Teachers are always permitted to teach about religion or to answer students’ questions (either in or out of class) about religion as long as they do so in an objective, neutral, and academic manner. Such religious interchanges with students must always be age-appropriate and must be for pedagogical rather than for proselytizing purposes. When engaging in such discussions, the Christian Law Association (CLA) advises teachers that students should not be able to discern the faith of the teacher. Even questions about salvation may be answered in an objective manner that does not indicate that the teacher shares that belief.
While it seems logical that teachers should be permitted to discuss their own personal viewpoints (including their religious viewpoints) with students both inside and outside the classroom, the law has moved in the past few decades in a different direction that considers such sharing to be an unconstitutional government imposition (or establishment) of a particular religion.
This movement in the law can, therefore, be interpreted to mean that while teachers may have opportunities to share their religious viewpoints during class time or during private conversations with students, teachers do not have a right to do so. If a teacher knows her students, their families, the community, the school board, and her superiors well, and knows for a certainty that such sharing about personal religious viewpoints would be universally welcome, it is probably not risky to engage in such sharing. On the other hand, if any of these variables might not support such sharing about religion, doing so could be a risky undertaking for the teacher.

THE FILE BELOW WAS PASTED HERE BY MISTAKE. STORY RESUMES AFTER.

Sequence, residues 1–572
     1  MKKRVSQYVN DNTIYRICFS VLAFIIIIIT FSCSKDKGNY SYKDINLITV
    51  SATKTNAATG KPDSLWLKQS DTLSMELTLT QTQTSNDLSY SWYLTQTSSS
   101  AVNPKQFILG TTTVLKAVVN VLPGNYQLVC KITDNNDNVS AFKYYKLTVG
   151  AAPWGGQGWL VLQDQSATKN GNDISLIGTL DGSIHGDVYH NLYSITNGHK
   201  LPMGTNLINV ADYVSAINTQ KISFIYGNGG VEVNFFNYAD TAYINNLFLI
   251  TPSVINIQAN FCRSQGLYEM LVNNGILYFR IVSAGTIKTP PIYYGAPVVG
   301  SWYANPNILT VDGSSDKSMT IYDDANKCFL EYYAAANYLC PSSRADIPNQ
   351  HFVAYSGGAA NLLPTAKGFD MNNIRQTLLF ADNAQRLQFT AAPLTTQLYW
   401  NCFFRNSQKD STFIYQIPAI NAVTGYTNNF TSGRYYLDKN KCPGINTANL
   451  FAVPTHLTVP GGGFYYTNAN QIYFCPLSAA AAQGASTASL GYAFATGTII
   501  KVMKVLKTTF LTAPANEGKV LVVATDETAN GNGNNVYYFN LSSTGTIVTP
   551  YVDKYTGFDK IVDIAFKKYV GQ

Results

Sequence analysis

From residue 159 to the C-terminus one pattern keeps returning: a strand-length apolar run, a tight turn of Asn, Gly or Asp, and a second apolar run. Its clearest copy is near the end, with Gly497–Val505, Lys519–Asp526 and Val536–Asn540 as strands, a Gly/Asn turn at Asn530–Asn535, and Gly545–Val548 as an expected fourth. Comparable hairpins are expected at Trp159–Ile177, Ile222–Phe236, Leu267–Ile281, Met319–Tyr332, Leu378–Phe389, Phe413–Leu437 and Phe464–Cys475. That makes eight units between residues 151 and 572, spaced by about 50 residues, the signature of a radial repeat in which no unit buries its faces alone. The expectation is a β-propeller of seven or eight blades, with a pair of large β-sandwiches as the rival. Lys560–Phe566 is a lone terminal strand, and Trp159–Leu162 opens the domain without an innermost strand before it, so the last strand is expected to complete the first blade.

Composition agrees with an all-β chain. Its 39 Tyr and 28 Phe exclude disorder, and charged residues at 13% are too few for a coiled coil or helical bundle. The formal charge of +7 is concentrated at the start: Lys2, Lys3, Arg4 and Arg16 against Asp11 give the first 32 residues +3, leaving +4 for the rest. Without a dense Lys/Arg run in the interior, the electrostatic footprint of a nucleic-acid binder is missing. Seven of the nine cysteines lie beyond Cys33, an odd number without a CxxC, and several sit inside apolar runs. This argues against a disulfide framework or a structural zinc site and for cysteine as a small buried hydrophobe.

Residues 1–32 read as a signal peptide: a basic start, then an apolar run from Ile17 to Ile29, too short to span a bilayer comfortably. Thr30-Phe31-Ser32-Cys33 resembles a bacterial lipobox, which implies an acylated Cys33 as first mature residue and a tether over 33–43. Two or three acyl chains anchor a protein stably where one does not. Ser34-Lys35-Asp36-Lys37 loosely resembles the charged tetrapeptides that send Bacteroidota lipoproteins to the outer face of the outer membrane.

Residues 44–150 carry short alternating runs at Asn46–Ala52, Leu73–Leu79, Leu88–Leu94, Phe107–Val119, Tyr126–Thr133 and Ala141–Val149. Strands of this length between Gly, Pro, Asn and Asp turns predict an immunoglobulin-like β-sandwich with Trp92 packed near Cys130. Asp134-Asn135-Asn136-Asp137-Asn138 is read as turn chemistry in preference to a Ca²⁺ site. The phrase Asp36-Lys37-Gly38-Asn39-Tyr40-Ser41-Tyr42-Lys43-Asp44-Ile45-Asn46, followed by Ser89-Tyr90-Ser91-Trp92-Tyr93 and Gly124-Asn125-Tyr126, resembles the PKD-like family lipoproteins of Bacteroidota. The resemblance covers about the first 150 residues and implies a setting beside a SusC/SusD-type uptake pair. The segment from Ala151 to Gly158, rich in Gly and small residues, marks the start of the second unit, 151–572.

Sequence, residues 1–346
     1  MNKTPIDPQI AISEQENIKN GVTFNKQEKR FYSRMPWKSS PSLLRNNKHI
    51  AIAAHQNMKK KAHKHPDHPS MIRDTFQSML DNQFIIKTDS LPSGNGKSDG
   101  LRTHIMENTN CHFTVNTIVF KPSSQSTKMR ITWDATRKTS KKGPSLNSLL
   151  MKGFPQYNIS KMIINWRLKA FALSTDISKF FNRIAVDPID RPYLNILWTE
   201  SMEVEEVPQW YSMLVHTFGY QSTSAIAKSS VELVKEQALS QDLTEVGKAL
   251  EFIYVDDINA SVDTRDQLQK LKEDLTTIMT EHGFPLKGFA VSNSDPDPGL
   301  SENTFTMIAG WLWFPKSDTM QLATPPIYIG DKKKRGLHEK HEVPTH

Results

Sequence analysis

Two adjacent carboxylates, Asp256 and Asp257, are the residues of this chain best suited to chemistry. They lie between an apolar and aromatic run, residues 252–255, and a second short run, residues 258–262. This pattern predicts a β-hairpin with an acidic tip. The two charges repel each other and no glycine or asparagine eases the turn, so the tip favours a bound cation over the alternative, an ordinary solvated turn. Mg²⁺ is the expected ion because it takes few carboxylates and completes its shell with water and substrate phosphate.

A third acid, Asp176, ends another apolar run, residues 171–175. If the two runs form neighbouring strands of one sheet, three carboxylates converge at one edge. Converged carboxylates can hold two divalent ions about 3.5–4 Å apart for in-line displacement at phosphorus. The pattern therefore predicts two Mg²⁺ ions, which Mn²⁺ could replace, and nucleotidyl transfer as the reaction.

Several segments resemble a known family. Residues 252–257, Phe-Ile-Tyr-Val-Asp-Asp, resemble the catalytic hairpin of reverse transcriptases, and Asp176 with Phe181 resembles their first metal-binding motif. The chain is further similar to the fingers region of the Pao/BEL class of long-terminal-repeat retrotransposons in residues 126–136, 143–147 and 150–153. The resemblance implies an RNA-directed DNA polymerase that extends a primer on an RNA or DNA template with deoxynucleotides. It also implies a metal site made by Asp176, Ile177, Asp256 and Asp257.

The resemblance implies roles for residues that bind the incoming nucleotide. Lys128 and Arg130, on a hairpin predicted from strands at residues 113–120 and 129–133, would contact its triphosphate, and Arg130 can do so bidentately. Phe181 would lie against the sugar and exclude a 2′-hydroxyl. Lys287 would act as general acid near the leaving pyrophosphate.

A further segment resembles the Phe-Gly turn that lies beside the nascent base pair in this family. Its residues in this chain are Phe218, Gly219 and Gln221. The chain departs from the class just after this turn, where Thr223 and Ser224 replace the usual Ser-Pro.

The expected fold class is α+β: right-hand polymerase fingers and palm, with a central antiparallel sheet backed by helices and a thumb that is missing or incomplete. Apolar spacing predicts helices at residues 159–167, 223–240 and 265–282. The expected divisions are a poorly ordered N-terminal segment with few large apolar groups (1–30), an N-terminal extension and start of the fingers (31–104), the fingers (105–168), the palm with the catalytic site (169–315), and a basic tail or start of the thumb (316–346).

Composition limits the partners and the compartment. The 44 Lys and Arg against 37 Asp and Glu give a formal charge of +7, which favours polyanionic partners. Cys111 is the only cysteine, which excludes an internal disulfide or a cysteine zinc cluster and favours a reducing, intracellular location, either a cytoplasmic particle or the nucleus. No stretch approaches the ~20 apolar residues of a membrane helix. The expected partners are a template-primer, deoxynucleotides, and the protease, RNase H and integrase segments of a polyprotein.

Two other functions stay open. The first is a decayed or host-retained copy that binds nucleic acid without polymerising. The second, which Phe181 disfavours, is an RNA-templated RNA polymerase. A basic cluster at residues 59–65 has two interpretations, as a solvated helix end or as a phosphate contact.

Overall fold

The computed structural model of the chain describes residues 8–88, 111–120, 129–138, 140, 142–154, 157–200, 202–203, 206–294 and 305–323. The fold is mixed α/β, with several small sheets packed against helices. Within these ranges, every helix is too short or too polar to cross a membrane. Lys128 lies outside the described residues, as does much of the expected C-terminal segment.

A teacher must be willing to risk losing her job if she engages in such personal sharing about her faith with students.
Generally, problems arise when wither students or parents complain to school administrators about personal religious exchanges between teachers and students. A teacher would likely have no legal recourse if fired for sharing personal religious view points with students, particularly in violation of a specific controlling school policy. If there is no school policy and there are no complaints, principals have a great deal of discretion as to what they will permit teachers to do in the classroom with respect to religion.
—Keeping Christ in America’s Public Schools, Gibbs & Gibbs, 2008